Motorways -plenty around Bangkok and in the north of the country.
Rail upgrades under construction in the North towards Nong Khai and going South towards Hua Hin

However, it looks like the objective is to prop up concrete manufacturers, rather than provide the best possible service to customers. So we see huge over sized stations and bridges, yet they fail on service frequency, rolling stock capacity, ticketing and interconnection to other lines.

Even considering such failings, whatever public transport they install is usually an improvement.

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Re: Bangkok-Pattaya high speed rail link gets "green light"

Post by gerefan »

gerefan wrote:
Tue Jul 28, 2020 4:11 pm
Nothing is going to happen while there’s a threat of Covid 19
What I should have said is that nothing will happen if Thailand introduces draconian rules for tourists and thus converts Pattaya ( and other cities) into Ghost Towns.

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Re: Bangkok-Pattaya high speed rail link gets "green light"

Post by Jun »

gerefan wrote:
Sun Aug 02, 2020 3:25 pm
What I should have said is that nothing will happen if Thailand introduces draconian rules for tourists and thus converts Pattaya ( and other cities) into Ghost Towns.
Correct. However, it will reach a time when the Thai government will realize that this is not feasible, considering the effect on the economy, people's jobs and so on.

Currently, they ignore various other causes of premature deaths, yet clamp down to an extreme extent on Covid. So far total Covid deaths in Thailand amount to 1~2 days road traffic deaths.
It's odd that Covid is treated like the worst plague in history, yet they don't bother with road traffic safety. No consistency.

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Re: Bangkok-Pattaya high speed rail link gets "green light"

Post by Gaybutton »

gerefan wrote:
Sun Aug 02, 2020 3:25 pm
nothing will happen if . . .
Maybe it will. Maybe a lot of those people who lost jobs will find employment on the high speed railway construction and the monorail construction. After all, wouldn't that be typical - hiring completely unskilled and inexperienced people to do that kind of construction? Come to think of it, if the road construction in Pattaya is an example, isn't that what they do anyway . . . ?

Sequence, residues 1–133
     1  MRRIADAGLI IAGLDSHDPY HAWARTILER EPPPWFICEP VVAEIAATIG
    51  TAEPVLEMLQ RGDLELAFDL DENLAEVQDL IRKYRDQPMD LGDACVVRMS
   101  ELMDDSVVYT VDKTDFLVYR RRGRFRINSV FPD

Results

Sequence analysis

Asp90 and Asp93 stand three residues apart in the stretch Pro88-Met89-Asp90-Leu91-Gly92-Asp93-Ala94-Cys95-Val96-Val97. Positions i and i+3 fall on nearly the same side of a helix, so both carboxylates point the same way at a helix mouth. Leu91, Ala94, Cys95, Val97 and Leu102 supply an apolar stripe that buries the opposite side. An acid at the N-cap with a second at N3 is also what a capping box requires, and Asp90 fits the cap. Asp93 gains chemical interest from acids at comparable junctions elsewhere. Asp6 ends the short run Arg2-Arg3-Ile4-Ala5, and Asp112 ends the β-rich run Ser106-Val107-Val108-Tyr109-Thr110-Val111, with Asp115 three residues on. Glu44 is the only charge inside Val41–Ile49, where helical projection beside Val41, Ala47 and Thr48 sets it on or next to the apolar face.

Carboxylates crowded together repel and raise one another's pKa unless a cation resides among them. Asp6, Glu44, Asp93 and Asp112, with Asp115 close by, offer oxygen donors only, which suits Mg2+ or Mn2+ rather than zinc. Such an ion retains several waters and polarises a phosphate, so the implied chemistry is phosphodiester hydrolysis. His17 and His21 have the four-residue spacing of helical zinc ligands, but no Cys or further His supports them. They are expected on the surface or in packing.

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Re: Bangkok-Pattaya high speed rail link gets "green light"

Post by bkkguy »

Jun wrote:
Sun Aug 02, 2020 7:59 pm
It's odd that Covid is treated like the worst plague in history, yet they don't bother with road traffic safety. No consistency.
the road toll has been a problem for so long that everyone is just blase about it - everyone knows how bad it is, everyone knows the risk factors (alcohol, speed, fatigue, poor driver training, unsafe practices - no seat belts, people in pickup trays, no helmets), any time anyone tries to do something about it it doesn't make any difference because the effort is half-hearted and this is the way we have always done it and/or it is expensive to change, and everyone thinks it is not a problem for them today - they will not have an accident today if they do something unsafe

how does the government fix the road toll? public education to achieve a change in attitude and acceptance of personal responsibility for actions, reform of the police and judicial system to reduce corruption, to see enforcement of the law and public respect for this enforcement. these are generational changes that are not going to be popular or easy to achieve - even in western democracies the impact of seat belts, helmets, speeding, drunk-driving have not been overnight successes

Covid-19 is new, unknown, not well understood, and is perceived as having enormous potential for disease and death - just look at what it has done in so many other countries, and it reminds Thai people of SARS and avian flu etc and they know how that was managed in the past

how does the government fix Covid-19? declare a health emergency supported by an emergency degree, introduce draconian restrictions supported by respected expert "talking heads" (with media support) scaring the shit out of people - you get fairly good wide-spread compliance in a fairly short time frame - a short-term win for any government

OK yes the economic effect may cause problems in the longer term, and yes on-going compliance relaxes over time as well, but why are you so surprised at this "inconsistency"?
I’m nervous now when people cough near me, I would be much more comfortable if they would far cough.